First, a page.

Thursday, May 6, 1999
The mission: Eat a full meal, including appetizers and dessert, at local restaurants and food stores, without paying a penny.
The tricky part: Can one manage to down enough sustenance using only sample tastings, without alienating the storeowners, and still come back for seconds?
Noon. Salsa and olives. Tucked away in the industrial heart of Sand City, at 577 Ortiz Ave., is a treasure of pickled delights called Gil''s Gourmet Gallery. Inside, two walls are stocked with olives, pickled vegetables, mustards, salsas and other savory finger foods. All non-cooked foods are prepared in Gil''s kitchen, just beyond the shop. A small alcove proffers candies, nuts and chocolate-covered fruits. The back wall contains more than 100 brightly colored bottles of hot sauce, most of them aimed at collectors rather than cooks. (Who could actually eat "Dave''s Insanity," which contains the ingredient used in MACE and is so searing that it was banned from the annual Fiery Foods contest in Albuquerque after it left one woman in a dead faint?)
Gil''s is owned and operated by Gil Tortolani, renowned locally as the founder of Tillie Gort''s in 1969, and The Granary in 1972. Tortolani no longer has trays of olives and salsa sitting out on the counter, because of the lack of foot traffic, but he''ll pull anything you want to taste either out of his fridge, or right off the shelf.
We sampled a few Double Trouble olives, soaked, like all Gil''s delights, in wine, then stuffed with Serrano peppers and whole garlic. Yummy. Made a lip-smacking accompaniment to his Simply Zinful Garlic Salsa XXXtra Hot (secret ingredient: Zinfandel wine), served up with a plateful of Saltines and tortilla chips. Halfway through the salsa, we popped a few Chardonnay Garlic-Stuffed Olives into our mouths-Gil''s best-selling olive, he says. We declined Gil''s offer to sample his Crying Tongue Olives, stuffed with a long, red curly African piri-piri pepper. It may have taken first place last year in Albuquerque, but it sure looked dangerous. The wine-soaked, chocolate-covered cherries? Simply divine.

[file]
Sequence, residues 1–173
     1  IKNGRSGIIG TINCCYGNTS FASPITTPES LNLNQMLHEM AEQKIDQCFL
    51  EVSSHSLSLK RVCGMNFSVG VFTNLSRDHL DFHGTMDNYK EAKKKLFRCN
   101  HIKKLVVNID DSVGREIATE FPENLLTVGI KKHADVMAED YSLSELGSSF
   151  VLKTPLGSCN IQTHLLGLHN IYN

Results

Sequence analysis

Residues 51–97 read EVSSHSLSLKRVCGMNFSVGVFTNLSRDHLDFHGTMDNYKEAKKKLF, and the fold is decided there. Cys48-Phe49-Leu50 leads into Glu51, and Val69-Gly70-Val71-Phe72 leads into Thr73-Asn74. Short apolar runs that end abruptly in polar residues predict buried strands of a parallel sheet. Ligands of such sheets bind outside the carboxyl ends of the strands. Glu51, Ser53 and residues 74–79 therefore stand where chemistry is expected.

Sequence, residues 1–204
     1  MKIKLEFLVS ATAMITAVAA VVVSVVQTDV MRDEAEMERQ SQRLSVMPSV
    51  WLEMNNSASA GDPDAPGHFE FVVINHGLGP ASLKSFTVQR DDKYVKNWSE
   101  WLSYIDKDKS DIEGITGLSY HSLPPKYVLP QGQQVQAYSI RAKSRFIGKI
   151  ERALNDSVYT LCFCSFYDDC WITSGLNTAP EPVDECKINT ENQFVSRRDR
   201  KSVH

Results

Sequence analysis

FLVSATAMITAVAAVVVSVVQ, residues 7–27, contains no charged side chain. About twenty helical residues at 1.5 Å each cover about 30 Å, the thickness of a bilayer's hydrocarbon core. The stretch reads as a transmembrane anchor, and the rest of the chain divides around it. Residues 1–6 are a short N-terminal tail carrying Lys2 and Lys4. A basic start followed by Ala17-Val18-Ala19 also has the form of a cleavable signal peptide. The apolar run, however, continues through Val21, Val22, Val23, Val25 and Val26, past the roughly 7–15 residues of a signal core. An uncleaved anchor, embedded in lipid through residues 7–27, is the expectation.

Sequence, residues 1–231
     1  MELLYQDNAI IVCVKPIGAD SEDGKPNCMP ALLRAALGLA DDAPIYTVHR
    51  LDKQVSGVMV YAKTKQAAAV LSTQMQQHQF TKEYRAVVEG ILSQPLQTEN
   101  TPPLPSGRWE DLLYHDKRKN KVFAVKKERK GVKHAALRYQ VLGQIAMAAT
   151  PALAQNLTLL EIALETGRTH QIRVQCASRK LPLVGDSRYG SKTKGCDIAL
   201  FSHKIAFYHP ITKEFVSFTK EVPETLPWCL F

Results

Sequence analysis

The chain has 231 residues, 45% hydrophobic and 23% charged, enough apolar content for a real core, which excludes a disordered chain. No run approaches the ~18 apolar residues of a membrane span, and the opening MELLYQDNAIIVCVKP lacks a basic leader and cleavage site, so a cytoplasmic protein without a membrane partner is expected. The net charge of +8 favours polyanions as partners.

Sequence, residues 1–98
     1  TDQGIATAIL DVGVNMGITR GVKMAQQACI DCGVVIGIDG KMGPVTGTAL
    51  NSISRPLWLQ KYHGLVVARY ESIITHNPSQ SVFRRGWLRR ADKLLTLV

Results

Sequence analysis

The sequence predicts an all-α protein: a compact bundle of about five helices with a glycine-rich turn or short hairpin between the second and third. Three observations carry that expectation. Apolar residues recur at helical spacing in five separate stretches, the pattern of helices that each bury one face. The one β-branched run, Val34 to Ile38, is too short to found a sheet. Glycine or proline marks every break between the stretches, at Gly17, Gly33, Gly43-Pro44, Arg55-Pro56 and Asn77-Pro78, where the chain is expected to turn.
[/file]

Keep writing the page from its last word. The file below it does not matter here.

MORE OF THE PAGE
Spent: $3.95 for a bottle of Double Trouble Olives.
12:30 pm. Pizza. The Santa Lucia Market on Washington Street in Monterey puts out a tray of generous bite-size samples of pizza, fresh every day. Today''s offering was Chicken Pesto Pizza, a tangy treat that had a sweet aftertaste (a touch of sun-dried tomato perhaps?) We downed three helpings while chatting with Manager Penelope Vice, who says they serve up pizza samples seven days a week, with free sushi samples on Friday.
Do some people just stand there and eat an entire tray of pizza samples? "Oh, sure," Vice says breezily. "We have our regulars."
1:30pm. Cheese. The Cheese Shop in the Carmel Plaza on Ocean Avenue, Carmel has more than 180 cheeses from around the world, an impressive wine selection, and sales help that could take their show on the road-and some of them have. "If someone liked Stilton, and wanted to taste something else, what would you suggest trying?" we asked cheese-guy Neil. "Stilton," he deadpanned.
Our foursome was in high gear now, and we kept both Neil and Philippe slicing at lightning speed, as we tasted our way through Manchego, a Spanish sheeps''-milk cheese; Oka, a Canadian washrind cheese made by Trappist monks near Quebec; Old Amsterdam, an aged Gouda that had a lingering sweet aftertaste; and, of course, the Stilton.
How much can you taste before they throw you out? As much as you want, says longtime employee Kent Torrey, who has just bought The Cheese Shop from his former boss. Once, Torrey took care of a couple that sampled every single cheese in the store. They bought a tiny piece of each one, "about 50- or 60-cents'' worth," each of which Torrey had to painstakingly wrap and label. The whole adventure took more than four and a half hours, he says. A few months later, he spied them coming back into the store, and he ran to hide in the back storeroom.
"We let you sample until you say, no mas," he promises.